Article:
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Dom Joly: How alcohol caused an Almaty upset

Weird World Of Sport: After a curious series of events, it seems I am now the Kazakh darts champion

Monday 15 March 2010 01:00 GMT

After my extensive investigation into the sporting world of Kazakhstan last week, you'd be forgiven for assuming that there was nothing more to know about the place. I thought the same thing. Until my final day in the country in which, after a curious series of events, it appears that I might now be the Kazakh national darts champion.

I had a morning to kill in Almaty before I headed off to the airport and my flight back to the UK. As I wandered around town I came across much excitement outside the entrance to a dingy-looking bar that seemed like the sort of place that the Velvet Underground would have frequented, had they formed in Kazakhstan and not New York. I hung around to see what was going on. It was difficult to make out but there was one clue – a large, round, blue poster with three darts over the sky-blue Kazakh flag. Then a gentleman walked past me in a tracksuit with the words "Kazakhstan" emblazoned on the back. He was carrying a set of smart-looking darts. I stopped him and we attempted to communicate. His English was limited but I managed to work out that these were the Kazakh National Darts Championships.

I attempted to introduce myself but I fear that there was some kind of misunderstanding as I was rapidly ushered into the building and found myself lined up in a tunnel with a whole lot of darts players. "Parade of Champions," said my new friend in the tracksuit. Music blared and we all marched into the main room in the glare of several television cameras and to the sound of the rousing Kazakh national anthem. We all lined up like soldiers and put our hands to our hearts as the anthem went on ... and on. Eventually, after what seemed like eight verses, it stopped and a man in a suit stepped forward to give a long and passionate speech. My new friend handed me a card and pointed at the man speaking. The card informed me that this man was the chairman of the Kazakh Darts, Archery and Ballet federation. This struck me as a peculiar combination but nothing surprised me any more in this country. (I later discovered that the Kazakh word for crossbow is very similar to ballet, so I'm assuming that it, like a lot of my trip here, was a misunderstanding).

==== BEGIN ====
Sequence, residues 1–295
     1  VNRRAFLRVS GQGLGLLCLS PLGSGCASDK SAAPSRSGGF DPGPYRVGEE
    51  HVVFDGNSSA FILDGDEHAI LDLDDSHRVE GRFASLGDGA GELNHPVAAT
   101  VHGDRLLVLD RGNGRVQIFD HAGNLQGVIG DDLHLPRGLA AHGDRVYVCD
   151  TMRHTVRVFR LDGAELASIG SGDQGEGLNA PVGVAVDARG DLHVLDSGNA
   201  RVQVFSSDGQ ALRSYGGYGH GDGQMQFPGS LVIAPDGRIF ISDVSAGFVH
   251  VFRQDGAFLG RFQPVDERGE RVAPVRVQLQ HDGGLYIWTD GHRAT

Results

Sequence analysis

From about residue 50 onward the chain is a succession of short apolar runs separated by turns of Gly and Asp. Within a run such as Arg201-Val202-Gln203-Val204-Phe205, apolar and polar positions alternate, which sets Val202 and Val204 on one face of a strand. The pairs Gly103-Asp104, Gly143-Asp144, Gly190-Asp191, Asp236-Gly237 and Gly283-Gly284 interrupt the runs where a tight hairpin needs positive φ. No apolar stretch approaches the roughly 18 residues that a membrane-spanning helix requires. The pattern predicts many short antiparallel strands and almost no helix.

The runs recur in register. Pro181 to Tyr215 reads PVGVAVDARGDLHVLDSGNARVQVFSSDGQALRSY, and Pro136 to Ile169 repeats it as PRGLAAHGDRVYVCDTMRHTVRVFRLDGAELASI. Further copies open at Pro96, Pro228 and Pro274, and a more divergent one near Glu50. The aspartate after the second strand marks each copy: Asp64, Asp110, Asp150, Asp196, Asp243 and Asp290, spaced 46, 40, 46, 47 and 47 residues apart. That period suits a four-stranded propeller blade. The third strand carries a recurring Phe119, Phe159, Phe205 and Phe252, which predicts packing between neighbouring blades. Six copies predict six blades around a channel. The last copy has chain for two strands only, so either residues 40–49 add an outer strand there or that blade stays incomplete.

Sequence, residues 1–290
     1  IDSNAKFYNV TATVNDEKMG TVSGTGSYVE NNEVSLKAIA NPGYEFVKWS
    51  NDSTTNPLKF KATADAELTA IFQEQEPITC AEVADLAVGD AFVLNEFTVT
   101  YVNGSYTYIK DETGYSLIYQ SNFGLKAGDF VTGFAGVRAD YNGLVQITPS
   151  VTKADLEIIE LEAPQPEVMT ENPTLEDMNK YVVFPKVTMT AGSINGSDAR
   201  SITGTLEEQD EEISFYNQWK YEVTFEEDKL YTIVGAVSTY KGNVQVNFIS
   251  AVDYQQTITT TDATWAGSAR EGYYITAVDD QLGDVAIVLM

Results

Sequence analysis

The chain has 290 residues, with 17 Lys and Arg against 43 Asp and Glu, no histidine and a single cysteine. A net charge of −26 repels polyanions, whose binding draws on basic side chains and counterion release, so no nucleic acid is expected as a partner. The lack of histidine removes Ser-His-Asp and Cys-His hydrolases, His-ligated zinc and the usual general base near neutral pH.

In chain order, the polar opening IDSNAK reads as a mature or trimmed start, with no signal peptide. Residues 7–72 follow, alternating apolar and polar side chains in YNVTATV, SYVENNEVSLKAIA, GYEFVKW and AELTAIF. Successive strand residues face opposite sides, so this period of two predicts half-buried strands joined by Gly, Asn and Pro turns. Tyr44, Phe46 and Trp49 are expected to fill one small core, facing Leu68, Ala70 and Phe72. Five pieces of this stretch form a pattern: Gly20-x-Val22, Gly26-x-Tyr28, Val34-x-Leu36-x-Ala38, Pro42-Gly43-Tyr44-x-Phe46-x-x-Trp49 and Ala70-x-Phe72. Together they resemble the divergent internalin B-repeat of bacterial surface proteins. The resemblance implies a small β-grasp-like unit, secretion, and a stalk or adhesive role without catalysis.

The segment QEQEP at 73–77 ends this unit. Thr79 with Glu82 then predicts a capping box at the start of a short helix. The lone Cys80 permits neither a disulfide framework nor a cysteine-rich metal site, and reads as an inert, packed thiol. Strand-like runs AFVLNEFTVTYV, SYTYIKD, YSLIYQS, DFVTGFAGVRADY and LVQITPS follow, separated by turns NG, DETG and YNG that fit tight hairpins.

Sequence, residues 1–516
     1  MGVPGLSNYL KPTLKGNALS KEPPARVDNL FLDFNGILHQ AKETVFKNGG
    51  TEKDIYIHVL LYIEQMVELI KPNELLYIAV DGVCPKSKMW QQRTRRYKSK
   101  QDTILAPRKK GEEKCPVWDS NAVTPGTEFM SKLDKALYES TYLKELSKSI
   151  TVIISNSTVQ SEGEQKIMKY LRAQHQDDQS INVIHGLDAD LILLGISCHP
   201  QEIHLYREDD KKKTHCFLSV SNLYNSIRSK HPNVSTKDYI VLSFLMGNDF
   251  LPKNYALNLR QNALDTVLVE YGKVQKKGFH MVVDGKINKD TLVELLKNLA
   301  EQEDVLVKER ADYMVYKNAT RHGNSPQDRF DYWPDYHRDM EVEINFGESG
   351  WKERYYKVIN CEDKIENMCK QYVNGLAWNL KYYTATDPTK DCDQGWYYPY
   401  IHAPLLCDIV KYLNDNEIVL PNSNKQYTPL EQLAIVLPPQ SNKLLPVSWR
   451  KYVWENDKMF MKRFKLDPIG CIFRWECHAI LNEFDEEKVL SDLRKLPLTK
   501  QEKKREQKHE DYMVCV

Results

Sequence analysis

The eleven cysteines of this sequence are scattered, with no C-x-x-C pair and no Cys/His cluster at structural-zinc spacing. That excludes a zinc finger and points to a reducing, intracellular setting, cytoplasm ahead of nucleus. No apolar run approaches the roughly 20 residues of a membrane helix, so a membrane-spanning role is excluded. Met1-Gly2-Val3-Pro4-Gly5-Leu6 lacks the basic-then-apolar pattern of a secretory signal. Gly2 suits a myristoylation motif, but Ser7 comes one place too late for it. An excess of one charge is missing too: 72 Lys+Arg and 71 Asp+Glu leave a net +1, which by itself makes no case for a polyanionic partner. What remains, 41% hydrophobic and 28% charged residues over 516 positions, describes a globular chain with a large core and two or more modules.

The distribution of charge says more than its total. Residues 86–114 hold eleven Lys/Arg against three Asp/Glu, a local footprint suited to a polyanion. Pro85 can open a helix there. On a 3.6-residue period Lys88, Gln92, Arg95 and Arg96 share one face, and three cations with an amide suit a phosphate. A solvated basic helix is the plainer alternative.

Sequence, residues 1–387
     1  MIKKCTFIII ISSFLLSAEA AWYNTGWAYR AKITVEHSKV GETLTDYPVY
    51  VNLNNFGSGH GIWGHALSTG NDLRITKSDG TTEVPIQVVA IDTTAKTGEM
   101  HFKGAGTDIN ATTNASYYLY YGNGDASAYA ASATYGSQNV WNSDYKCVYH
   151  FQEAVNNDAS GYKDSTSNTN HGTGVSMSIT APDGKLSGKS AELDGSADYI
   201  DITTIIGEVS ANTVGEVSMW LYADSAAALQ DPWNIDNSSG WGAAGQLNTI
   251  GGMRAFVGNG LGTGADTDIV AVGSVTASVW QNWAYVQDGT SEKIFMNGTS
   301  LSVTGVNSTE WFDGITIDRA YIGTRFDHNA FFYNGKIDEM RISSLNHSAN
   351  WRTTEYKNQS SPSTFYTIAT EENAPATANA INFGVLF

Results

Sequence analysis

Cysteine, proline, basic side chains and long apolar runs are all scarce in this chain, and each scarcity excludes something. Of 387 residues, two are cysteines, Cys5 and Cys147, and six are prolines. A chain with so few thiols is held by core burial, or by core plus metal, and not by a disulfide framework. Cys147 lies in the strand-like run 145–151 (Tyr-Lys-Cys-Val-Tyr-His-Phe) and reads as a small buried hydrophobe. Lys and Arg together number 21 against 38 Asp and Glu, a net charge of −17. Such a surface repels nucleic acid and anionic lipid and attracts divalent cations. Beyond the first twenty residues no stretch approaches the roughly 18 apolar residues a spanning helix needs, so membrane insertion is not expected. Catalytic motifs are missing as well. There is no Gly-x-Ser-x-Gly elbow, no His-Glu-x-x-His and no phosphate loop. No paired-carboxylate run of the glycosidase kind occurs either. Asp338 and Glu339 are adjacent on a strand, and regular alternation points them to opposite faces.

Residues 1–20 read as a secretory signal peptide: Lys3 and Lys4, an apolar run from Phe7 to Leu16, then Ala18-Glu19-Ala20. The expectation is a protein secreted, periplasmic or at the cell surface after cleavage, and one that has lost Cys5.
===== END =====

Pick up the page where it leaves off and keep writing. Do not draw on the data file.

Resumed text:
The opening ceremony over, it was down to the serious stuff – darts. Around the room were seven dartboards and attached oche. The competition was a knockout tournament played in best-of-three games of 301.

I have not played much darts in my life. Like everyone else I have drunkenly hurled a couple of "arrers" in the pub, but that's about it. The competition started. Several competitors seemed to be having problems actually hitting the board. I relaxed a little. I definitely wasn't going to be last. I did OK and sailed through a couple of rounds aided by the presence of a lot of free beer from the sponsor – a Turkish brewery. After two hours of not very intensive competition, I made it to the final. Beer flowed and a tense crowd admired my unique throwing style. To cut a long story short... I won. I was handed a gold medal (made of tin, I think) and was immediately interviewed by the attending Kazakh press.

A tall, thin reporter with metal braces on her teeth congratulated me on my victory. I thanked her profusely. She asked me whether I thought that, in time, Kazakh players would be able to reach the skill levels of English players. I kept as straight a face as I could and told her that the most essential skill in darts was drinking. This "alcoholic training", I told her, if done right, could steady both the hand and the nerve. The reporter nodded solemnly as though I was presenting her with some religious revelation. "The Kazakh people are a great drinking nation," I continued. "As such they show much potential for becoming a major force in world darts in two to three years." The reporter glowed with national pride. When the interview was over she asked me for my name so that they could subtitle me.

"My name?" I asked, playing for time. "Why of course, my name is... The Cotswold... Crusher". It was pathetic but she wrote it down assiduously. I longed to hang around and chat with some of the very attractive darts groupies that were assembled by the bar, but my plane home and grim reality awaited.

Pedalling backwards

I got in a lot of trouble online last week for not mentioning the Astana Cycling Team when talking about the world of Kazakh sport, so now I have mentioned them ... but still don't really have much interest.

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